Arbitrage works. Paid acquisition is an important part of the Ad Practitioners model – it has spent about $500 million on Google ads in its history. Search for “best credit cards 2022,” and you’ll see why. This kind of high-value intent traffic is very valuable – credit card leads can fetch $100 – that it makes sense. “We use paid media to make sure that we're getting our content in front of as many people as possible who share the same underlying intent and are looking to solve those problems,” Greg said.
Bad sites are a business model problem. Publishers with terrible websites do not have a tech problem; they have a business model problem. The attention-based ad model for general audiences is hard to make work without adopting, well, adversarial tactics. The performance ad model of intent media aligns incentives better since the publisher wants people to get the information they need rather than hijack their attention elsewhere. “The very first thing that we did when we bought Money is we took revenue to absolute zero,” Greg said. “We removed every single form of advertising that was on the website.”
Algorithm dependence is a manageable risk. To put it mildly, there’s a checkered history of publishers relying on algorithms for the overwhelming majority of their distribution. In some ways, that sort of intermediation is a longtime reality of media, as Joe Marchese pointed out the other week. Ad Practitioners look to mitigate that dependence with its paid acquisition as well as licensing deals with the likes of MSN and others. While new channels like TikTok could catch on to eat into Google’s search share, Greg sees the biggest threat of disruption coming from Apple, since its devices are the originator of a big chunk of Google searches.
On building in public
A media exec sent me the above and asked my take, although he led the question by calling it a “ridiculous” tweet., saying it “is becoming the predominant POV amongst young people because everyone who is successful and not super active on social media is not included in their media consumption” Needless to say this person is not a build-in-public hustle porn type.
I tend to go back and forth on the build-in-public ethos. On the one hand, as a journalist, I always felt companies were overly secretive, particularly in areas like publishing where there’s no super secret strategy but a lot of unglamorous execution. Anytime someone tells me they “can’t disclose revenue as a private company,” I ask why. I mean, they can, but they choose not to do so. I always appreciated how Industry Dive’s Sean Griffey laid out its growth, both revenue and EBITDA. Seemed to work out for him.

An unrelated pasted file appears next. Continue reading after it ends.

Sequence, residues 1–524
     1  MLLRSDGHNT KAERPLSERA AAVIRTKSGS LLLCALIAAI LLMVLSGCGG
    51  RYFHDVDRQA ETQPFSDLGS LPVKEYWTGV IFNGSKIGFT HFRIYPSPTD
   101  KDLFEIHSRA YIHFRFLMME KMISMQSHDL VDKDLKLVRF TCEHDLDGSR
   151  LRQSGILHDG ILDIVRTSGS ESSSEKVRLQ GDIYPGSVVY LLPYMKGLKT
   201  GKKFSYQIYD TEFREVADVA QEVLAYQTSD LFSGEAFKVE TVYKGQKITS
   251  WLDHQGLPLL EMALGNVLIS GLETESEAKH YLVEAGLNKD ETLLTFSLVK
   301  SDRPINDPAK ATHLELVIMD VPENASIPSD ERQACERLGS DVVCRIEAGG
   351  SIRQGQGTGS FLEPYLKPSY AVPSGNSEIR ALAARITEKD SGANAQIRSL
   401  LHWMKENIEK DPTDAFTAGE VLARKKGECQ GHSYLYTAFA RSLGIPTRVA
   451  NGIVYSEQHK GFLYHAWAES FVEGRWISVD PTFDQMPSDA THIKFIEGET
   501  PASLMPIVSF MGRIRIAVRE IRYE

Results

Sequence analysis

But the point being made was that there’s this current vibe of what I call entrepornography that a major part of building something new involved endless self-promotion, usually involving a whole lot of Twitter but also with plenty of conference speaking gigs. As always, it’s good to remember that Twitter is not real life and most well-adjusted people stay far away from it.
Leaving aside the clear group of self-identified #entrepreneurs, who seem to like talking about #entrepreneurship rather than doing it, I think there’s a lot of value in being open about what you’re doing and why. The secretive approach, to me, was usually a dodge because the CEO wasn’t comfortable explaining what they believed in and wanted to accomplish, either because they truly had no idea or it was simply “get rich.” Openly and clearly communicating what you’re trying to accomplish, and your progress, seems to me a good way to gain leverage in the market, so long as it doesn’t come at the expense of the unglamorous and frustrating day-to-day work of pushing the ball forward inch by inch.
Reminder: Sign up for invites to The Rebooting events
Speaking of building, I’m in the midst of finalizing my plans for expanding The Rebooting. One of the areas I’m targeting is in-person (maybe some virtual) gatherings. Like this newsletter’s goal, I want the events to be smaller but high value. There’s a lot of value in being able to connect people with each other. Thanks to everyone who gave feedback on future events. One idea that has already sprung from it is to do a lunch or afternoon event in Washington, DC, since there are now so many thriving and promising publishers there. I put together a very basic five-field form that would greatly help me as I figure this critical part out.
Thanks so much for reading in late July. Send me a note with your feedback or topics you’d like to see covered: firstname.lastname@example.org.